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What is Authorship? By Kirsten Bauer

Date: Mar 06, 2023
Category: Insights
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National Emergency Services Memorial, Canberra
Perspectives from a practicing Landscape Architect

It’s easy to get angry. In the aftermath of a project, the clients, media, public and our collaborators can be guilty of failing to recognize the contribution – the authorship – of the landscape architect. For myself, as a practitioner and director of Aspect Studios, to be an author of a project means the practice and I have participated significantly in the design and delivery of that project. Usually, the position is one of co-authorship. True single authorship, by a person or entity, is rare.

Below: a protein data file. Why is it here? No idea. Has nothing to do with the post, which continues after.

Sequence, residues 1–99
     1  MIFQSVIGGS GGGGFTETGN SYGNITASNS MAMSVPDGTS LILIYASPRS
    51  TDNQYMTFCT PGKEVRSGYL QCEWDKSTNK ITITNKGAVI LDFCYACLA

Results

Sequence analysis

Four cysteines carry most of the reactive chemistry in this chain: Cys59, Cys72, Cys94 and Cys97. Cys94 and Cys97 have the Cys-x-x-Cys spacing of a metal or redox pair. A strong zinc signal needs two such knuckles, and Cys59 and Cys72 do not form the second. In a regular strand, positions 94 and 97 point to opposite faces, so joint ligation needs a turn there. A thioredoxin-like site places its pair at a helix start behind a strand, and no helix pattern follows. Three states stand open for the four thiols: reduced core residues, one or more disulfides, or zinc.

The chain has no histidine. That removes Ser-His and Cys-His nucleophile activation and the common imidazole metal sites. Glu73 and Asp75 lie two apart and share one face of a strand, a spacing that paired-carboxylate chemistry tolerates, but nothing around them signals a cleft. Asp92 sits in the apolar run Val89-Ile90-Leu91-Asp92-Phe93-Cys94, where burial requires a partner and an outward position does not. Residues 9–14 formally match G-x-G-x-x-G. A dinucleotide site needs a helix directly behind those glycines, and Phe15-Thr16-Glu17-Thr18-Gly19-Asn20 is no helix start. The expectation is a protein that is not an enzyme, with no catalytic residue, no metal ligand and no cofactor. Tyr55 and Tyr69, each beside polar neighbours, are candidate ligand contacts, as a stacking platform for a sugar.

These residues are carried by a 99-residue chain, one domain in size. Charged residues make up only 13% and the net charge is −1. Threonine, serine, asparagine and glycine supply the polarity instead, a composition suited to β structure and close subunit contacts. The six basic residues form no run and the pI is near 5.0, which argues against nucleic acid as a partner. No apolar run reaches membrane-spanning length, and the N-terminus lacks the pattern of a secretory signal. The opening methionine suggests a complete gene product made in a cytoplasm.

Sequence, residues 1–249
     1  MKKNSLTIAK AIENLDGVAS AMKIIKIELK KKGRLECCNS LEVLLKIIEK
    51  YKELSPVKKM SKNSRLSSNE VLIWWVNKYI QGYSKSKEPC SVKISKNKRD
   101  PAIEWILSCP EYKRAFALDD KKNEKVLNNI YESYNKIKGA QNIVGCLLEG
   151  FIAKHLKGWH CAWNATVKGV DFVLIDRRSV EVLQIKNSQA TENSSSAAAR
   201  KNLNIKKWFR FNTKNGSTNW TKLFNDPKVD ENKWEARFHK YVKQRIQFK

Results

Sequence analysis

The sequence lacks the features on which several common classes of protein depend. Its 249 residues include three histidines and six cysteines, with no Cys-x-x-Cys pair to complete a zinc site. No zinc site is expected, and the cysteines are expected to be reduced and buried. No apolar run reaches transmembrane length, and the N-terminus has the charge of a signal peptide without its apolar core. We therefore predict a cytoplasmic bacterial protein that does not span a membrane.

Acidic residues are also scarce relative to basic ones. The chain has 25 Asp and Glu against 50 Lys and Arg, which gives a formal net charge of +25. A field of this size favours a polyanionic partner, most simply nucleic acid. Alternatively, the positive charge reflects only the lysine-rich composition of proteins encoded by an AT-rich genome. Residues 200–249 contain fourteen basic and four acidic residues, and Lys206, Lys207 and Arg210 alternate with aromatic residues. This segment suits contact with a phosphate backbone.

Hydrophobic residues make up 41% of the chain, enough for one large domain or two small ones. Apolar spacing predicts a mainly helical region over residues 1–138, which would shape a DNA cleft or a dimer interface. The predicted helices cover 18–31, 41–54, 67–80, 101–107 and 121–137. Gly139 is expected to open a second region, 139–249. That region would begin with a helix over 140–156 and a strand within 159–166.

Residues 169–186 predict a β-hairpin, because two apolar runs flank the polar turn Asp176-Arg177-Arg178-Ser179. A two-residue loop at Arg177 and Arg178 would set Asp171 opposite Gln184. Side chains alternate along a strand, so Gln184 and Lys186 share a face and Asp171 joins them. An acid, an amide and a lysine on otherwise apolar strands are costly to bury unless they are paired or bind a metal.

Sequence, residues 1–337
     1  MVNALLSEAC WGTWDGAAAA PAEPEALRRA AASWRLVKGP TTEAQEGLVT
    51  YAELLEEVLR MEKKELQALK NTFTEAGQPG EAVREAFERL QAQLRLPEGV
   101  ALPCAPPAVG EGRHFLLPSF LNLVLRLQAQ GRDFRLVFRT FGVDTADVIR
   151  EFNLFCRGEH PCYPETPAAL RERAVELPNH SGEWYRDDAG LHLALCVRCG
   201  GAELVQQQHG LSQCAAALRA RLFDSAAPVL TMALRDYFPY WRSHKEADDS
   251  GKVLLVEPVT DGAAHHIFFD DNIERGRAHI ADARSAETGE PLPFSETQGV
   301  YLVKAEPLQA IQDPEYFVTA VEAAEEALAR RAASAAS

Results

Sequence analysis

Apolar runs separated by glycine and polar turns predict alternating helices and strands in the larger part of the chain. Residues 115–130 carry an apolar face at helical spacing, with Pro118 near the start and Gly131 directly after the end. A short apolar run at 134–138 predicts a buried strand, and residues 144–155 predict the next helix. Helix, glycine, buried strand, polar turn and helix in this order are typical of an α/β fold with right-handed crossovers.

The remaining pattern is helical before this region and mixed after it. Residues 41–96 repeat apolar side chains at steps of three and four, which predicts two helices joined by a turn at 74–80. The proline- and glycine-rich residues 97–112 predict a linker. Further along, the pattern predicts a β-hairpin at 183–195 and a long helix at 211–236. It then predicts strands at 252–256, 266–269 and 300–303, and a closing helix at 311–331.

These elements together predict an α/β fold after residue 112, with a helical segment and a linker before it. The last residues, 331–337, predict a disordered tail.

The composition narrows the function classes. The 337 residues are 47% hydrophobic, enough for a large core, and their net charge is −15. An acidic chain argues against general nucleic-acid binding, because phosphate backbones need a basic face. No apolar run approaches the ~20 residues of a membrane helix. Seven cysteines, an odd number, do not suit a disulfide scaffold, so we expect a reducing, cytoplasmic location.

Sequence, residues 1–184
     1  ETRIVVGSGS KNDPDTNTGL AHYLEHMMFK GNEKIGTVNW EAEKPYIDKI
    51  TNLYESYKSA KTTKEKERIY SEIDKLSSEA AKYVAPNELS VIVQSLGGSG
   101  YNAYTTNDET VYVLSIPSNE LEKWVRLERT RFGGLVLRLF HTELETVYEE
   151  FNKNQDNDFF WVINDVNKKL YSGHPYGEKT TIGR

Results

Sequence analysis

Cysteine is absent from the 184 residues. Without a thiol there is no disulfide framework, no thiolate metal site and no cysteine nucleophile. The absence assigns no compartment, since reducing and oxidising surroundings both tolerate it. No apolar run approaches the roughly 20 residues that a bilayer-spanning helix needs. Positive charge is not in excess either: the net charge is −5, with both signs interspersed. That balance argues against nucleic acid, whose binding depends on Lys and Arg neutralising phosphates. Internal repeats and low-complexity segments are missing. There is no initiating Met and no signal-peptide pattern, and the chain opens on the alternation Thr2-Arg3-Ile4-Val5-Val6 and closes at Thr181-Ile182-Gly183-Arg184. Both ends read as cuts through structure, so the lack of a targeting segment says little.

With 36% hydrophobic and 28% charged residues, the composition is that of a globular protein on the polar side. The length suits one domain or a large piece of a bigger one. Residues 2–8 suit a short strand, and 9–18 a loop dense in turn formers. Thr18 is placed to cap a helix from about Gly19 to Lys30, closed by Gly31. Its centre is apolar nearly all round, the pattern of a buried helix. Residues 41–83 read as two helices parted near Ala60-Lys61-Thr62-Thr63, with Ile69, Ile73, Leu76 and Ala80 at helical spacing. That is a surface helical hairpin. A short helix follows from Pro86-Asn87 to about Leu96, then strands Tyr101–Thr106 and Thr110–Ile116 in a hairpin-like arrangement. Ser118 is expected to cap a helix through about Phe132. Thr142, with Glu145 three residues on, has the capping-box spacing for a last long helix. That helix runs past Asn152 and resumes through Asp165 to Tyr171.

On the one hand, I believe we should live in a generous world where recognition of authorship is neither needed nor sought. We, as designers, are active participants in a complex, overdetermined, post-truth public realm, always working with others as co-authors. Our projects change over time, not just because of their nature (for instance, the plants in them grow, the materials in them weather) but because we’ve made them public, handing custodianship of them over to individuals, organizations and councils to continue the process of authoring. If you work in the public realm you have to be prepared to let go of your creations.

On the other hand, I also believe that authorship relates to professional respect and the recognition of the blood, sweat and tears, and the knowledge, talent and ideas of individual designers and design practices.

And that is where things can get ugly: when the respect and recognition that is due is directed (either unthinkingly or deliberately) towards certain contributors to the project, while others remain unacknowledged.
(Lack of) acknowledgement